The Dallas Mavericks Dancers will be getting a new look this fall, though they won’t be sticking to the traditional status quo.
The Dallas Mavericks dance team has ordered “less revealing uniforms” for the upcoming season and will preform “more wholesome routines,” according to a report from the Dallas Morning News. The move is largely in a response to multiple scandals that have rocked the Mavericks’ front office earlier this year.
“We want the focus to be on the dancers as artists and to highlight their skills, not be eye candy or sexualized,” Mavericks CEO Cynthia Marshall told the Dallas Morning News on Tuesday.
Mavericks owner Mark Cuban and the organization came under fire after a Sports Illustrated report in February detailed a “corporate culture rife with misogyny and predatory sexual behavior,” among other things, within the front office. A report also surfaced in May about a former senior account executive who would repeatedly look at pornographic images while touching himself in the office, generating the nickname “Pants DJ.”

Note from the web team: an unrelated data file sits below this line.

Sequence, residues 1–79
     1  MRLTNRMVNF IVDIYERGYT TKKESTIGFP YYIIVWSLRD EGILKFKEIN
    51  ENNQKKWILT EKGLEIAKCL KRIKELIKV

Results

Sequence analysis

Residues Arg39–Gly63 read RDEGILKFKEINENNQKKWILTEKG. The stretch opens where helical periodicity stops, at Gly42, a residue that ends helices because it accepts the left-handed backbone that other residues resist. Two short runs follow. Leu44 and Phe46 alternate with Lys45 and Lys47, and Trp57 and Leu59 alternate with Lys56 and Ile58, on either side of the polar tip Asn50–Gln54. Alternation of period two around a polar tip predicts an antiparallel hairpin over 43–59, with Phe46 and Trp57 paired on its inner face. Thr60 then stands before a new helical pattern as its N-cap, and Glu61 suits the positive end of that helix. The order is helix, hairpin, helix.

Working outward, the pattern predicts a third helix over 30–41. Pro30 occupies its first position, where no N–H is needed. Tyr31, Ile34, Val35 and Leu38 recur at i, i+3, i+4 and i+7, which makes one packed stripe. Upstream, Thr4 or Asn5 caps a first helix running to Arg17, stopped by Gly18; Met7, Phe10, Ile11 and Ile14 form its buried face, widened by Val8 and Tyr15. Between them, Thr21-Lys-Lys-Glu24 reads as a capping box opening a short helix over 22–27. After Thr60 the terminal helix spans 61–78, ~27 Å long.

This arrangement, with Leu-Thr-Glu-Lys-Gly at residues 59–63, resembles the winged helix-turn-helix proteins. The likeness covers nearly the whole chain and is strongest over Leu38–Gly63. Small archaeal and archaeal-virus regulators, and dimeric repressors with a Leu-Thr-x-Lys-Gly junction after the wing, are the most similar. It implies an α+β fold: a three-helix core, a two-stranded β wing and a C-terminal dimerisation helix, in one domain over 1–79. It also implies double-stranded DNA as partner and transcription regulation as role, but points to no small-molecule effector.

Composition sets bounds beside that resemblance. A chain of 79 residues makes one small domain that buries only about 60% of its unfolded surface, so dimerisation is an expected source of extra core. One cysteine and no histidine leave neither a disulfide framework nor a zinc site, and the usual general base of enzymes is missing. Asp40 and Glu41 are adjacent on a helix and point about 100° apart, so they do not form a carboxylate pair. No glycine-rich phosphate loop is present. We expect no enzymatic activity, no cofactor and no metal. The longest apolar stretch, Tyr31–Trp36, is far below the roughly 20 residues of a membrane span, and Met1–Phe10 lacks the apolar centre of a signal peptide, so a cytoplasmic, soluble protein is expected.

Marshall, who was hired in February, has been tasked in part with cleaning up the organization, and said that the shift with the dance team is part of their “100-day plan aimed at cleaning up problems” within the Dallas front office.
“We love our dancers, but we are re-evaluating every aspect of this organization to make sure they are living up to the values we are instilling in the entire Mavericks operation,” Marshall told the Dallas Morning News.
“The dancers are doing nothing wrong. What they wear and how they dance is a part of the culture and the atmosphere that has been around for the past two decades. We will be a part of the evolution that moves these dancers forward as athletes and entertainers.”
The change with the dance team stopped short of eliminating it all together, like the San Antonio Spurs did earlier this year. The Spurs replaced the dance team with a 35-member “family-friendly coed hype team.”
While the move to eliminate the team completely may be a bit extreme, the idea behind both switches is the same: keeping fans entertained without sending the wrong message or making anyone uncomfortable.
“Everyone should feel comfortable — both the performers and everyone in the arena,” Marshall told the Dallas Morning News. “If someone brings a 10-year-old to the game, I don’t want them having to cover the kid’s eyes during performances.”
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